Kenyan court acquits ‘miracle baby’ pastor in trafficking case
In 2015, Deya's now ex-wife, Mary, abandoned her appeal against a four-year jail sentence and elected to serve the entire prison term.
Gilbert Deya (C), celebrates outside the court with his followers after he was acquitted by the Milimani high courts in Nairobi on July 17, 2023. (Photo by SIMON MAINA / AFP)
A Kenyan court on Monday acquitted a controversial self-styled preacher who claimed he could help infertile couples conceive “miracle babies” through prayer, citing insufficient evidence from prosecutors.
Gilbert Deya, a former stonemason who moved to London from Kenya in the mid-90s, was accused of stealing five children between 1999 and 2004 to buttress his claims.
Senior Principal Magistrate Robison Ondieki found the 86-year-old not guilty, ruling that the prosecution had not produced enough evidence to link Deya to the charges.
The preacher, whose Gilbert Deya Ministries had churches in London, Birmingham, Nottingham, Liverpool and Manchester, was extradited from Britain to Kenya in 2017 following a decade-long legal battle to remain in the UK.
‘Miracle babies stolen’
Deya and his wife Mary claimed their prayers could see infertile and post-menopausal women become pregnant in four months, and without intercourse.
However prosecutors said the “miracle babies” were stolen, mainly from Nairobi’s poor neighbourhoods.
“I have been acquitted of this burden, a yoke on my shoulder,” Deya told reporters outside the court, adding that it was “sad that I have been labelled as a child stealer.”
“It damaged my reputation.”
Deya’s lawyer, John Swaka, told AFP, “the charges were trumped up and could not stand in a court of law.”
“He is delighted and very happy. He has no squabbles with anyone and will go back to serving the Lord.”
Calls for regulation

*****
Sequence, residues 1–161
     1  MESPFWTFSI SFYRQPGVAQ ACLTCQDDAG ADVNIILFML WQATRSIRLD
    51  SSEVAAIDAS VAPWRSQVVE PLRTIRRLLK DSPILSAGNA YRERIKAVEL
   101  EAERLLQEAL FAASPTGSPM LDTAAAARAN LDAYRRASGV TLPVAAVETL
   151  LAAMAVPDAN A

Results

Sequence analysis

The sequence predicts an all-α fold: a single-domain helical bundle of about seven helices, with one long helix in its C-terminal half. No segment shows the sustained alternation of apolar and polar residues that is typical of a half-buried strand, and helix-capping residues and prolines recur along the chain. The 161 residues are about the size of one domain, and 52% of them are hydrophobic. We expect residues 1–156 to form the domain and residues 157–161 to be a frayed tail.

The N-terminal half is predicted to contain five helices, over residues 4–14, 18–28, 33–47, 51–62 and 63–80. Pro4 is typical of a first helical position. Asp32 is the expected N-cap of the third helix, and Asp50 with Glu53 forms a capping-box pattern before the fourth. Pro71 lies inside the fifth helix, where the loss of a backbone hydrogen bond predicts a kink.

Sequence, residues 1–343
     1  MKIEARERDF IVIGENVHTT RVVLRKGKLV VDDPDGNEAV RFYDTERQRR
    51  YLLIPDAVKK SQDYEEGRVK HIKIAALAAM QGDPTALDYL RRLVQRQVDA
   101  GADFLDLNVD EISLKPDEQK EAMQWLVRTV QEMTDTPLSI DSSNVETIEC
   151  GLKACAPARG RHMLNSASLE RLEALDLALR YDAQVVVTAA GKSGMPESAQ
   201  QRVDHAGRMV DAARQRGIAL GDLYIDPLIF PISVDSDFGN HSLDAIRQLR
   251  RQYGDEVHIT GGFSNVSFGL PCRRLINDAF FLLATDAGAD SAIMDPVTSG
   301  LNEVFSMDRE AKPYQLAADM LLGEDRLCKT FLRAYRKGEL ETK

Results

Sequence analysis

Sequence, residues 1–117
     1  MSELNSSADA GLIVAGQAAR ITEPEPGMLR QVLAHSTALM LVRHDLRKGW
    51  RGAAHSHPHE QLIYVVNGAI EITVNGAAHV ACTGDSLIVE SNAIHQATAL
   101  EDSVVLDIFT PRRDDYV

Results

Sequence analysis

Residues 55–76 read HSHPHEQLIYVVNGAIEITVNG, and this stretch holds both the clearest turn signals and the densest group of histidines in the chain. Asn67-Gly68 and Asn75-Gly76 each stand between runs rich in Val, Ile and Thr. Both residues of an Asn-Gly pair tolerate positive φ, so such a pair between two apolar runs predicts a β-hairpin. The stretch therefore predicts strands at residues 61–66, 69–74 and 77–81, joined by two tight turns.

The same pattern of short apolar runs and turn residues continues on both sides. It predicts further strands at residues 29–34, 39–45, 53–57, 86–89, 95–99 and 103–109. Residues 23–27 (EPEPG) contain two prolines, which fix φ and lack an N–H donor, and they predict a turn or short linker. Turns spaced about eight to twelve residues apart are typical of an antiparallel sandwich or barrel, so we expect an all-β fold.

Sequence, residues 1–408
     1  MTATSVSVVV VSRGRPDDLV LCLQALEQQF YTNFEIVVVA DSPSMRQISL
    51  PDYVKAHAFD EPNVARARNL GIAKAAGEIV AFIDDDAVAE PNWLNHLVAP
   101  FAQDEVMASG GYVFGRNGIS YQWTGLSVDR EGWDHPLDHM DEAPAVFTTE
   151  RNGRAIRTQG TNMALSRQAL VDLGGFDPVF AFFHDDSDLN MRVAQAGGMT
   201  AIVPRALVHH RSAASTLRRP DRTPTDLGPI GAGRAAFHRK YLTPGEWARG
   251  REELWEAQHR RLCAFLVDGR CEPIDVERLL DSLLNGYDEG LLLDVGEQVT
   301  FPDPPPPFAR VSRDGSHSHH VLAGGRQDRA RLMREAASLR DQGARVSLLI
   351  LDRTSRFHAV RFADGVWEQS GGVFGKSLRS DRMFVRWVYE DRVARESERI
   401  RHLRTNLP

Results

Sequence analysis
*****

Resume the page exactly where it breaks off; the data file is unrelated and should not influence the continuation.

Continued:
Deya’s claims first came to light in a 2004 case, when a British coroner found that a baby called Sarah, who had died aged three weeks, was not related to either of her supposed parents.
The mother had been told she was infertile, and travelled to Nairobi where she claimed to have given birth, but DNA tests proved otherwise.
The case was the first time in eight centuries that an English coroner had to come to an official view on whether a miracle had taken place.
In 2015, Deya’s now ex-wife, Mary, abandoned her appeal against a four-year jail sentence and elected to serve the entire prison term.
Deya claims he was ordained as an archbishop by the United Evangelical Churches of America in 1992. He was a popular televangelist in Kenya before moving to Britain.
A predominantly Christian country, Kenya is home to around 4,000 churches, including some run by self-styled pastors with no theological education.
The discovery in April of bodies linked to a Kenyan cult that practised starvation to “meet Jesus Christ” has prompted questions about the need for more regulation of religious outfits in the East African nation.
Nearly 400 bodies have been found so far in the Shakahola forest in coastal Kenya, with cult leader and self-proclaimed pastor Paul Nthenge Mackenzie in police custody since mid-April.